Wednesday, May 16, 2007

DEC Inspectors missed the Esperance lead shed - Inquiry

May 2, 2007 - Dozens of Esperance residents have recorded high lead levels and thousands of birds have died from lead poisoning around the southern port town since December last year. High readings of lead and nickel have also been found in rainwater tanks around Esperance.

A parliamentary inquiry currently investigating the matter has heard illegal lead shipments out of Esperance, which poisoned local residents and left hundreds of water tanks contaminated, were not detected by the Department of Environment and Conservation (DEC). The committee heard how an environmental inspector did not go into the loading area, but watched from a distance because he was concerned about his own health...
DEC's Kim Taylor said that during an initial inspection of the port in May 2005, just before the first lead shipment, the inspector did not enter the lead storage shed because his clothes did not meet OHS standards.

On an inspection in February 2007, an auditor again failed to identify lead was being shipped as powder and not as pellets — in spite of the export licence.

The committee was told of widespread contamination of town water tanks, soils and marine sediment surrounding the port, which had left 28 people with lead levels above the international recommended safe guidelines of 10 micrograms per decilitre.

Liberal MP Kim Hames, who is heading the inquiry, says if the committee can do a full inspection of the site in two hours today, a DEC inspector should have been able to do the same. Mr Hames expressed disbelief that no alarm was raised by the department about dust at the port. "We have had submissions from members of the public to say that when the lead is loaded, a cloud of dust can be seen above the ship," Dr Hames said.

The Department of Health revealed one in four children tested in the coastal town recorded lead levels high enough to warrant an inspection of their homes by health officials in an attempt to reduce any further lead exposure.

Of 239 children tested who fell into the high risk group of five years or younger, 56 recorded levels above 5mcg/dl and six tested above 10mcg.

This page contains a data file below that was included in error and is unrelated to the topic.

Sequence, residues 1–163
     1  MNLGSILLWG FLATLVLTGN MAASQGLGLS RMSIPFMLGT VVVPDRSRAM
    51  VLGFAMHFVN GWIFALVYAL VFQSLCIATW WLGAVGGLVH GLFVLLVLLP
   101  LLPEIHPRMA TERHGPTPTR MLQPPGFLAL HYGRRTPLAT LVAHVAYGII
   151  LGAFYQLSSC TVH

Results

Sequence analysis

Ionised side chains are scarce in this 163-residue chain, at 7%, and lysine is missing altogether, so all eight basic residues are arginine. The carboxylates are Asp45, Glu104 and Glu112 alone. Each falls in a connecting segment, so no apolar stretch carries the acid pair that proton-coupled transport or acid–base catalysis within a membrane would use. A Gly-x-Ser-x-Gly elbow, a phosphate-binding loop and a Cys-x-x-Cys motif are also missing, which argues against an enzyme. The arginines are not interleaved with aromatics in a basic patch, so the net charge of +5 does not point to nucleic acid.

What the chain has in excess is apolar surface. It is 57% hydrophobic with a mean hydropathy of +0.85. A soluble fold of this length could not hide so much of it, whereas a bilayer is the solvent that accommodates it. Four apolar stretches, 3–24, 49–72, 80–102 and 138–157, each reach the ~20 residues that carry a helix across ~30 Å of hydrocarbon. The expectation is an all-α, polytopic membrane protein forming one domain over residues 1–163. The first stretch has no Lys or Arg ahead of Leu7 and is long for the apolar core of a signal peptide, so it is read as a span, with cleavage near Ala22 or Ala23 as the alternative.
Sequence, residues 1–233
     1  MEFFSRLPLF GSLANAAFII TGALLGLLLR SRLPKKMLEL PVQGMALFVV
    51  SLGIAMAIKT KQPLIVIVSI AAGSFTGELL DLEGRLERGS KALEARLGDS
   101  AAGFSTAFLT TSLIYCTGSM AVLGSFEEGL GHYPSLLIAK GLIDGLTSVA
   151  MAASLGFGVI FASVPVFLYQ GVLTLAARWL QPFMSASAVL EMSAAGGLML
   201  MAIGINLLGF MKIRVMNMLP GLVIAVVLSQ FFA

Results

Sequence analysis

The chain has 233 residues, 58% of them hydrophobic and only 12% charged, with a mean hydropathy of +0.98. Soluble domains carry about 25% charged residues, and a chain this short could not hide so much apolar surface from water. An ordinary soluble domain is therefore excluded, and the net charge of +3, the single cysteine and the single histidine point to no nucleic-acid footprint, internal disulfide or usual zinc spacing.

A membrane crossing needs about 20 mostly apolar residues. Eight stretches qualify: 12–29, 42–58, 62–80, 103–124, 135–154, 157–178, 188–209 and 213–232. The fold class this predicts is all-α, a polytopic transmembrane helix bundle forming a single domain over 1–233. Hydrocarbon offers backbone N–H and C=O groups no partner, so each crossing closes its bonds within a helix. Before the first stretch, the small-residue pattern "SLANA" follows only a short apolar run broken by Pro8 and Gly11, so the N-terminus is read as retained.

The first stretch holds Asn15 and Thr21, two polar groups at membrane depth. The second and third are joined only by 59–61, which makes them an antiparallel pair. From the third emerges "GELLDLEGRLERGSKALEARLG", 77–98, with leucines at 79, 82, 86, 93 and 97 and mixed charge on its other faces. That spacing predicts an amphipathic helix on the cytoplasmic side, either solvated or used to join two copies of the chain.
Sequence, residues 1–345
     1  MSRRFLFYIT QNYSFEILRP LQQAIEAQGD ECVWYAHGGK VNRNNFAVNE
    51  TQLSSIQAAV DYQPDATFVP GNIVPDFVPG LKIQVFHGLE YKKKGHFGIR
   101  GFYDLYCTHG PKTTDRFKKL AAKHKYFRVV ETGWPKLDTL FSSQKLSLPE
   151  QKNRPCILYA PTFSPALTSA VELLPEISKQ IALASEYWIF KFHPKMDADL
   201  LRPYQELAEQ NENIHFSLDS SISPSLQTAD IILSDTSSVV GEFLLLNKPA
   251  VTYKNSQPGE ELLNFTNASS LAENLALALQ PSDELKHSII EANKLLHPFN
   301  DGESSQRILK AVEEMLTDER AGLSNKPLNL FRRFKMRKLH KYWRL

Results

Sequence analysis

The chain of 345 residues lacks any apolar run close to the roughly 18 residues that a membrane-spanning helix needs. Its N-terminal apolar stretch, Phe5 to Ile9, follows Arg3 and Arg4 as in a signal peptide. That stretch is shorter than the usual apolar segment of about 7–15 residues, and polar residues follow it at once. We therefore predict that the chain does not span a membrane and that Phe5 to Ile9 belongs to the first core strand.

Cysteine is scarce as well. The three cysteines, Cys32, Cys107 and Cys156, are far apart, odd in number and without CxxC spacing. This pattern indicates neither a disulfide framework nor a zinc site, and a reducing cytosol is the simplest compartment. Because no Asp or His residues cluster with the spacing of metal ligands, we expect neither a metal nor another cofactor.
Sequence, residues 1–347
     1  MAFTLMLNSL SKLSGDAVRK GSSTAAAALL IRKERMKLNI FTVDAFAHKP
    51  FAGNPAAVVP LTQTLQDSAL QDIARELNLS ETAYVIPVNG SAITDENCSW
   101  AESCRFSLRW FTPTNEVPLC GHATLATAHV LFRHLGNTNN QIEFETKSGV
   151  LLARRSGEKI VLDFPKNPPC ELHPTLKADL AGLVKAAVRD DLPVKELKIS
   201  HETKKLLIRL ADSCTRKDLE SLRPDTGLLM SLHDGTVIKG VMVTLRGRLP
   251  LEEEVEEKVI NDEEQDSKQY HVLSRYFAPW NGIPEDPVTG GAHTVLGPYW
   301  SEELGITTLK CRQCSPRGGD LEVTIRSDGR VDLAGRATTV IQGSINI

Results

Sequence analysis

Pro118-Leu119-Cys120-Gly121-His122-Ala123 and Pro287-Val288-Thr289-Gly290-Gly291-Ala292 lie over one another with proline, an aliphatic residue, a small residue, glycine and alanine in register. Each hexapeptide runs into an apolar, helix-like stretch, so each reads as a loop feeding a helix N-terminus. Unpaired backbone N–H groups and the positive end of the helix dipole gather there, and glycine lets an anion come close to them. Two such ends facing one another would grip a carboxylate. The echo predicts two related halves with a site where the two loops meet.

Kim Taylor said DEC relied heavily on the Esperance Port and lead mining company Magellan Metals to inform it of any changes to the conditions governing the port’s lead export licence. He said the department, which is involved in the regulation of more than 2500 premises, could not meet its monitoring requirements.

DEC director-general Keiran McNamara, whose department is collecting evidence as part of a legal case against the port, said the responsibility ultimately lay with the port and mining company. Mr McNamara said DEC had also commissioned an independent review of its auditing and inspection processes.

The inquiry will also investigate how the lead was transported 900km from Wiluna to Esperance in dusty granules instead of heavier pellets, which produce fewer airborne contaminants. According to The Australian newspaper, government records show "Magellan was in breach of environmental and mine safety conditions as early as September 2004". Magellan Metals transported and exported lead carbonate through Esperance Port in powdered form rather than pellets.

The inquiry is due to report back to the Legislative Assembly by August 16.


Terms of Reference:
(1) That the Education and Health Standing Committee be requested to inquire into and report by 16 August 2007, on the cause and extent of lead pollution in the Esperance area, with specific reference to the following matters -
(a) how the environmental approval process for the transport and export of pelletised lead enabled the transport and export of granulated lead;
(b) the effectiveness of dust monitoring and reporting in relation to lead levels in the area and the adequacy of the response to those reported levels;
(c) the extent to which handling and other practices at Esperance Port gave rise to the benthic lead levels in the harbour;
(d) whether the Esperance Port Authority properly exercised its responsibilities in relation to the potential lead pollution;
(e) whether the Department of Environment and Conservation’s responsibilities in relation to the Esperance Port Authority processes , practices and procedures, including the legal and regulatory framework, were adequate and properly exercised; and
(f) that the Committee is given power to investigate any other issues pertinent to the cause and extent of lead pollution in the Esperance area.

The West
News Ltd
ABC News
DEC - Esperance Lead
Inquiry into the Cause and Effect of Lead Pollution in the Esperance Area
The Australian
The Australian
1000s of birds die around Esperance - Toxicity? - Perth Indymedia
Government alerts Esperance residents - tests reveal higher than recommended Lead levels

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